To these original buildings new accommodation was added in 1961 when an "L" shaped block known as XYZ was built. This was designed to form one part of a New Quad which was completed when UVW was opened in 1990. As well as providing over a hundred further rooms, all with en suite facilities, a Conference centre was built at the same time, which includes a room capable of seating up to 200 people.
Since 1956, Wills has had other Halls of residence as neighbours so that today over 2000 students live on the enlarged Stoke Bishop site in six different Halls, which are adjacent to each other and linked by walkways.
The Hall was constructed in 1971 and was the first self-catering Hall of Residence built on the Stoke Bishop site and accommodates over 300 students. The majority of students are accommodated in the six original buildings that comprise 56 flats each providing five standard, single study-bedrooms with shared facilities. In 1992 an additional cottage-style building was added to the site. This building comprises eight flats and the accommodation is arranged into six en-suite single study-bedrooms with a shared kitchen/diner.
The Hall traditionally has a mix of students including recent school-leavers, international and UK-based students. Most flats are mixed, although single sex flats are available. The main social and administration building is the focus of Hall life. The facilities include a large social area, bar, TV room, computer room, a study, music practice and entertainment room, terrace area and launderette. The Hall is a five-minute walk from the main University sports ground and also shares sports facilities such as squash, tennis and croquet courts on the Stoke Bishop site.
The Hall is within a five-minute walk of the Downs. Clifton and Durdham Downs make up more than 400 acres (1.6 km2) of grassland stretching from the very cliffs of the Avon Gorge to the edges of the Victorian-built suburbs.
Hiatt Baker Hall
Hiatt Baker Hall is a fully catered Hall, and one of the nine Halls of Residence of the University of Bristol, located in Stoke Bishop. The Hall houses around 445 undergraduate students (the largest number of any University of Bristol Hall) in two residential blocks, and is well known amongst University of Bristol students for its distinctive 1960s architecture, designed by Sir Percy Thomas and Son.
Hiatt Baker is named after the eminent biologist Hiatt Cowles Baker. H.C. Baker came from a 19th Century rags to riches story. His father, William M. Baker, started out bankrupt and destitute, moving to Bristol to find his fortune. He eventually become owner of Baker, Baker & Co, a department store of sorts, within the vicinity of the old castle grounds. It was through the Baker family that the link between the University of Bristol and the Holmes, now the site of the University of Bristol Botanical Gardens, was forged; W.M. Baker rented the Holmes when the family's fortunes improved. The site then stayed within the tenancy of the Baker family, until acquired by the University in 1943. Hiatt Cowles Baker sat on the committee that obtained a royal charter for the University of Bristol, and later became Pro-Chancellor between 1929 and 1934.
Hiatt Baker residents, along with residents of other Stoke Bishop halls of residence, have the use of many of the sporting facilities at Wills Hall, including tennis, squash and netball courts. Facilities within the hall include a music room, a television room, grand piano and library. Goju Ryu Karate is taught at the hall, with sessions taking place every Wednesday evening during term. From Spring 2010 Hiatt Baker students have been allowed access to a small on-site gym upon payment of a membership fee.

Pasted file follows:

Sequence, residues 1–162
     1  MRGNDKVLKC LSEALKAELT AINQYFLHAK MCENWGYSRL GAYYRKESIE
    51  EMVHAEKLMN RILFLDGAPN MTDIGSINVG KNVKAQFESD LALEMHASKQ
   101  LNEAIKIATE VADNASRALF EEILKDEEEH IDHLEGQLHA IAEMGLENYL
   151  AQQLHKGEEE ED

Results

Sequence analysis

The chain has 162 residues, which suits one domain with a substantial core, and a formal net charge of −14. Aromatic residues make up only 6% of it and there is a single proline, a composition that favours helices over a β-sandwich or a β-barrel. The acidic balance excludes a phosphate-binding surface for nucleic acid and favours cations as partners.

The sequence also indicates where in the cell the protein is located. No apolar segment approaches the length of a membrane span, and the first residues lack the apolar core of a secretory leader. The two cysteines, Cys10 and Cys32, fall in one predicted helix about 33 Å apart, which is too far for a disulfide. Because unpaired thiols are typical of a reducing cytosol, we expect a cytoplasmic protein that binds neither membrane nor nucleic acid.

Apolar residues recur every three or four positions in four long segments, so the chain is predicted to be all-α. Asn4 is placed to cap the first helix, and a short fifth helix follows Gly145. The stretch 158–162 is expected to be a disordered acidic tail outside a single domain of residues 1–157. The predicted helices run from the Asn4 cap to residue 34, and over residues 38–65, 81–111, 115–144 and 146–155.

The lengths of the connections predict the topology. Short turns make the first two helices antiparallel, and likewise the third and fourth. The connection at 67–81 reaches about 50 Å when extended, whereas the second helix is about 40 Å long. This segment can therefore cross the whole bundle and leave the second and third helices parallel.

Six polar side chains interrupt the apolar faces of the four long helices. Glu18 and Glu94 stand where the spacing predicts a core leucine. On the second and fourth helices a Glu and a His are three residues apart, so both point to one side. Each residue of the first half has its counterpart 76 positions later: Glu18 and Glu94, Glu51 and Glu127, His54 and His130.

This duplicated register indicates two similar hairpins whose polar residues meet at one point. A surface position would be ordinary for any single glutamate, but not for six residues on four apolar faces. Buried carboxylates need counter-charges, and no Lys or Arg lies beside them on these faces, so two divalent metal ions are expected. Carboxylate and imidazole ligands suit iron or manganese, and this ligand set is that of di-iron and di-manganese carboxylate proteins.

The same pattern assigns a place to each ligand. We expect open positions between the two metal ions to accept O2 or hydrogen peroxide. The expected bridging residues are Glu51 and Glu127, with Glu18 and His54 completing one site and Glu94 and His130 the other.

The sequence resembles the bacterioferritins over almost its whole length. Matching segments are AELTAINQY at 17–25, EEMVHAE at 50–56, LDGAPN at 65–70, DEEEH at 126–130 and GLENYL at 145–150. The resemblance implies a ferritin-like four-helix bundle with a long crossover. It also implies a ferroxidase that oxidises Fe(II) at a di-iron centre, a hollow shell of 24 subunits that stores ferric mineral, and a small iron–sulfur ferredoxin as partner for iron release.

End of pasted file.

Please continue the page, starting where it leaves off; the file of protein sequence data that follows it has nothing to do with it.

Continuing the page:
As with all the Stoke Bishop Halls, Hiatt Baker has its own bar, which was refurbished in 2005 and given a lesser makeover in 2007 & 2010. The Warden of Hiatt Baker Hall is Gordon Trevett, the Sport High Performance Manager in the Centre for Sport, Exercise and Health. He is often referred to by his students simply as 'G', 'G-Force', or 'Gordon the Warden'. The Deputy Warden is Steve Bourke. Notable alumni include the current Director of MI5 – Jonathan Evans.
Also available on site within the main block is "Source" cafe
Churchill Hall is one of the halls of residence located in the Stoke Bishop site of the University of Bristol. It houses around 350 undergraduate students. Churchill Hall is split into blocks, or 'houses' as they are more formally known. (A – R & (The) Holmes). Blocks A-K were built in the early 50s, in two phases, around a large split level quadrangle. The main block (K) houses a library/reading room, bar, table tennis room, piano room, dining hall, computer room, laundrette, the porters lodge, and the largest Junior Common Room in terms of floorspace of the Stoke Bishop Halls. Blocks M-R are the 'new' blocks. These feature significantly smaller rooms than those around old quad, yet share a bathroom in between every two rooms, and large communal kitchen space. As part of the 'new block' redevelopment, a new student building, the "hexagon", was added. This is a small building at the back of the main block which currently houses a Queen Anne snooker table. The 'old' blocks are joined together in various formations. AB and IJ form two opposing self-contained large 'houses'. These blocks have the largest rooms apart from the Holmes. They have washbasins. Bathrooms are between 6 people per floor. CDE and FGH form longer "blocks" with rooms the same size as AB/IJ. They all contain small kitchenettes with Microwaves, Fridge Freezers and a Sink. They also contain washrooms on the top floors. The Holmes is a large Victorian mansion house of historical interest. It sits within the University botanical gardens opposite the hall, and houses mostly JCR members and non-first-years. The rooms vary in size but tend to be considerably larger, by up to about 4 or 5 times, than even old block rooms. It formerly belonged to Wills Hall. The hall used to contain two other Victorian residences, Waltham and Claverton Cottages, Claverton having since become the Warden's Residence and Waltham now part of the Botanic Gardens. The hall is a catered hall, and the current warden of Churchill Hall is Professor Robert Mayhew, Professor of Historical Geography and Intellectual History at the University's School of Geographical Sciences.